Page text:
The sounds of Dongguan are live & alive and diverse with chorus & verse. But the question behind the encore is how did they get here? We discover the reality behind being successful musicians in Guangdong.
The truth is, we are very lucky to have a number of skillful and creative bands play in Dongguan—whether from here or the surrounding areas—made up of experienced and vivacious musicians who love to entice and engage a crowd with their best hits. Whether original or cover bands, musicians play a key role in many of our lives, keeping us entertained by creating a place for dancing and socializing, even escaping from the monotony of working life. Whether you’re a musician, a keen dancer or you just like to enjoy decent live music, we can all appreciate the effort that goes into producing and performing music in Guangdong, and anywhere for that matter.
Starting a band appeals in many ways—being able to perform with your friends around different spaces, entertaining a crowd by making them sing and dance, discovering new fans, etc.—however the fun also runs parallel with particular challenges, especially in China. For one, creating music that agrees with the tastes of those in the community isn’t always easy. You have to appeal to your audience—this doesn’t always necessarily go to plan. Musicians may face the disappointment of a small audience. Not to mention Dongguan itself being such a melting pot of various cultures and diverse tastes, meaning that it could be a hit or miss with the community liking their music or performance. Then there’s the idea of making an album that will reach people. Despite the risks, these musicians put themselves out there up on stage and in the studio to reveal their message in the form of music and lyrics. Seeking an ultimately sound and successful show, the apprehension must be daunting at times. Especially with new venues ad audiences. On the other hand, the journey to stardom in a foreign country sounds exciting right? One thing is for certain, our five selected bands from Dongguan, Shenzhen and Guangzhou are all passionate about their music and putting on a boundless performance. An eclectic taste in music will serve you well here, and it seems that many of the bands chosen like to spice things up a bit with combining their music genres as opposed to defining themselves with just one. It is clear however, there is ultimately a common alliance with various forms of rock. From originality to a cover band who puts its own touch on existing music, there is always pride in identity: Bands find it significant to tell their personal story or at least to put their own spin on things. From hard rock to psychedelic jam to blues, there is something here for everyone in all the usual venues around our electric city.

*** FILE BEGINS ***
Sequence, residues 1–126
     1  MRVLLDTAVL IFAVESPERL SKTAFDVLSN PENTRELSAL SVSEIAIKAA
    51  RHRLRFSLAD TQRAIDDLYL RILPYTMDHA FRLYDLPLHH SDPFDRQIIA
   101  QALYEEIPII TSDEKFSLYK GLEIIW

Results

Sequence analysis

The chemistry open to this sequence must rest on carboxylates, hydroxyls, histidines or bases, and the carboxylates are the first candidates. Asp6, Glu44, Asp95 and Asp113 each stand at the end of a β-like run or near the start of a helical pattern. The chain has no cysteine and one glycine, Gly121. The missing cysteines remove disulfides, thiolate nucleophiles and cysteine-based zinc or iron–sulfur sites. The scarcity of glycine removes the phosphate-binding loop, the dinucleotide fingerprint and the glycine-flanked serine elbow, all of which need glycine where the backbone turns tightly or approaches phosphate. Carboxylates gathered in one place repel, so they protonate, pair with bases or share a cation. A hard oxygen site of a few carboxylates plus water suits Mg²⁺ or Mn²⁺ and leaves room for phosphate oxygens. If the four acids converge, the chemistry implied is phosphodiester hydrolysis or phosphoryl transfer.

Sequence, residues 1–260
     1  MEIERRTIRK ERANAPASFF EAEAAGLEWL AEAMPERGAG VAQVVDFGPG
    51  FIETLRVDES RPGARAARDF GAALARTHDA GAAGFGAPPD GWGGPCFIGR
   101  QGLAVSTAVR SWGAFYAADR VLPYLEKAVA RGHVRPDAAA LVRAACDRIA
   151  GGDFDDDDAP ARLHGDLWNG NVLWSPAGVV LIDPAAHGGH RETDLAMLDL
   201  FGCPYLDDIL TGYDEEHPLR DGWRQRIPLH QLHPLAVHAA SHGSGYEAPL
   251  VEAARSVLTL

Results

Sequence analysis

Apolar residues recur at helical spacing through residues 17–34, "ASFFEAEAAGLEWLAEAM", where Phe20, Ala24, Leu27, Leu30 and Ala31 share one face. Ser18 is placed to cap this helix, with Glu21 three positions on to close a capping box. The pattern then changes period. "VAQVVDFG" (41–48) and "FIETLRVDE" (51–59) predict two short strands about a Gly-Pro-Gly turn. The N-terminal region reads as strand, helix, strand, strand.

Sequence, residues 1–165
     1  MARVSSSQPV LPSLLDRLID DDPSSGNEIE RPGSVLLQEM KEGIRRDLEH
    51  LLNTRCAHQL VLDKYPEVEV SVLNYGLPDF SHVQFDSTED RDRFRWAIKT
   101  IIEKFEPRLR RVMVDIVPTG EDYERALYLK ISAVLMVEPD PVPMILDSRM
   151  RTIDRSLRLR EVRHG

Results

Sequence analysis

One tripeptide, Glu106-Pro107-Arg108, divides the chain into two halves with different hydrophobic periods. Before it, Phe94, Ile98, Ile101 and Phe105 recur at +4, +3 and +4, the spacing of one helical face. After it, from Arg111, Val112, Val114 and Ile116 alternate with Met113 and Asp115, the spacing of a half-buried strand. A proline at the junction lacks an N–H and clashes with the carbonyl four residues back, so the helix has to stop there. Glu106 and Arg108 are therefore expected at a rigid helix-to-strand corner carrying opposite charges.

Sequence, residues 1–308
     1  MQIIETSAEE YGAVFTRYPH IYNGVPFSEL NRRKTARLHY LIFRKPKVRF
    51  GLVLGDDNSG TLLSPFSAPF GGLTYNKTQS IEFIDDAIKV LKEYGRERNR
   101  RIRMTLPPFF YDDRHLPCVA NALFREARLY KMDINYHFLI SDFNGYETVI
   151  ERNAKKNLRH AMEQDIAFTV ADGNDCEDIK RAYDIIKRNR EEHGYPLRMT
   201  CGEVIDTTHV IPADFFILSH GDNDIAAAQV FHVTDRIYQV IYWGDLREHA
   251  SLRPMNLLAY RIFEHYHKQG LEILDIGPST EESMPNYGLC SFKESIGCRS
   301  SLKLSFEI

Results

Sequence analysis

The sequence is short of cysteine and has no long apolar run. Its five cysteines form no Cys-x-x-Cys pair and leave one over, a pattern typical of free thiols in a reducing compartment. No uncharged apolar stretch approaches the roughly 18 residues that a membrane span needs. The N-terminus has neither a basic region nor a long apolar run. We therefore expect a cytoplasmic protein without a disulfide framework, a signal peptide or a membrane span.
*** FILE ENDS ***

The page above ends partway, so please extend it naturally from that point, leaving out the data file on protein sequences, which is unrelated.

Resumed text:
REVOLUTION: THE “LOCALS”
Formed in 2011, REVOLUTION is an energetic rock band from our beloved Dongguan, having extended shows to Shenzhen, Hong Kong and even Shanghai. The band consists of three talented Italians and one talented New Zealander; lead guitarist Frank Chelini, singer Andy Rossi, bassist Vitto Figio and drummer Marcus Hemopo. Known for smashing their live performances, REVOLUTION’s influences include progressive rock, hard rock, blues and heavy metal, but the band gradually ventured into more rock-friendly works by incorporating classic rock and pop rock into their music. Excitingly, they have an album on ReverbNation with some of their written material, so why not check it out?
REVOLUTION has performed at an impressive number of diverse venues in Dongguan, including Hollywood Baby Too, Murray’s, B Quarter, One for the Road, Live 8, Brown Sugar Jar, Irene’s Bar, Buongiorno, Fifth Avenue, and Jazz Bar; not to mention the Dongcheng Square Music Festival and Houjie Music Festival.
HOW DID YOU GUYS MEET?
Andy: “Frank and I met on a Sunday afternoon in a bar through a mutual friend, one of those things that happen by chance and simply just because. The band started in Dongguan at the end of 2010 with a different line up. Marcus joined at the end of 2012. Vitto was already a good friend of each band member and Marcus was introduced by some other friends.”
CAN YOU TELL US A FUNNY STORY?
Frank: “Well one time we played at a music festival in Zhuhai and I fell offstage in the middle of our performance! It was hilarious actually.”
WHAT DO PEOPLE ENJOY THE MOST ABOUT YOUR SHOWS?
Frank: “We think that we have to play from the soul and give emotion to the audience who come to listen to us. We try to give the maximum every time we play. We like to get the audience dancing as well to see everyone participating. Every show from REVOLUTION is different, so I suggest coming to see us live; every show has a story to tell.”